In the midst of downtown Montreal’s hustle and bustle, a new totem pole stands as a towering reminder of the dark legacy of Canada’s residential school system.

Erected on Wednesday, outside the Montreal Museum of Fine Arts, the 21-metre pole tells the story of its artist, Charles Joseph, who was taken away from his family as a child and forced into a religious-run residential school in Alert Bay, B.C.

The monumental piece of art was carved from a massive tree from B.C. The pole is part of an open-air museum celebrating Montreal’s 375th anniversary and Canada’s 150th anniversary.

Like thousands of other indigenous children in the residential school system, Joseph was subjected to serious physical abuse. The Truth and Reconciliation Commission of Canada estimates that, in the last century, 150,000 children were taken from their families as part of an assimilation policy.

The idea of carving the totem pole came to Joseph in a dream. For him, it was a way to capture those painful years, work towards healing, and craft a tribute to others who endured similar experiences.

At the top of the pole, a mythological bird called a kulus, recognized by B.C. First Nations, is a nod to Joseph’s childhood home. Lower down is a killer whale, representing memory. A white spirit bear is a symbol for those children who died in residential schools.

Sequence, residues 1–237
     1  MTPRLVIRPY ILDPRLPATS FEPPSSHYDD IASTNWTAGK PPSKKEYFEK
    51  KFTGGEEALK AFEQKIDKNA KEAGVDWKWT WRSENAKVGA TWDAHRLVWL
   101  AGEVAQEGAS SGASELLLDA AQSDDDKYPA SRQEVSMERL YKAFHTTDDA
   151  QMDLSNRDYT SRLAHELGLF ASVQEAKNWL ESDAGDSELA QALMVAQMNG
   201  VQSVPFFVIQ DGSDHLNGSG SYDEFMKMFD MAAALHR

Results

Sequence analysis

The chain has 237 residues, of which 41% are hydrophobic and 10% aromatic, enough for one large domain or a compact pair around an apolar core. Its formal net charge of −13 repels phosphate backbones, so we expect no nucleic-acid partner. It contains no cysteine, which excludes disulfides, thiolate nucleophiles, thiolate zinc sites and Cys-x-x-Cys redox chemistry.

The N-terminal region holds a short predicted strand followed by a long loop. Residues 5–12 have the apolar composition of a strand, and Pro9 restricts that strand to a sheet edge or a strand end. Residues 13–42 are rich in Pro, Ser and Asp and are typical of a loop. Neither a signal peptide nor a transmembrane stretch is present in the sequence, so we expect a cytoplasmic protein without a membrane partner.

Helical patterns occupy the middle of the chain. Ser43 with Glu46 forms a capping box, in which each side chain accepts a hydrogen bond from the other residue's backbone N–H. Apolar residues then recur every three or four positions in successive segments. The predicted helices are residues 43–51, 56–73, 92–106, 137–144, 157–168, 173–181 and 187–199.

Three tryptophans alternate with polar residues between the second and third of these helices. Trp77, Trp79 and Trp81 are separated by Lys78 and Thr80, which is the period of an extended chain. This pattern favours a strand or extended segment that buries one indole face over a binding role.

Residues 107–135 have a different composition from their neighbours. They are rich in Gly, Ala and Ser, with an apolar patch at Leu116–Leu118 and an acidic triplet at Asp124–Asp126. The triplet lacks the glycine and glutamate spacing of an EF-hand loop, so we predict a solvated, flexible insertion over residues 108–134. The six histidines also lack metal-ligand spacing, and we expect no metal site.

Near the bottom, Joseph carved a priest and a nun.

“That is to remind me of who hurt me,” Joseph told CTV News.

The striking piece of art comes at an important time in Canada’s history, according to the museum’s director.

“Telling the story of this tragedy through the powerful artistry of one of our leading creators is essential in the perspective of our new century,” said Nathalie Bondil, the director general and chief curator of the Montreal Museum of Fine Arts, in a statement.

“Only six of the First Nations of the West Coast ever carved these works… and there are even fewer today because the technical and artistic skills required to make them are so demanding.”

The pole was unveiled at a special ceremony earlier this week. Montreal Mayor Denis Coderre acknowledged the importance of shining a light on dark episodes in history and working towards healing.

"Please forgive us for the past," Coderre said at the event.

The totem pole will be on display in Montreal for the next six months before being moved to a display in Toronto.

With a report from CTV’s Montreal Bureau Chief Genevieve Beauchemin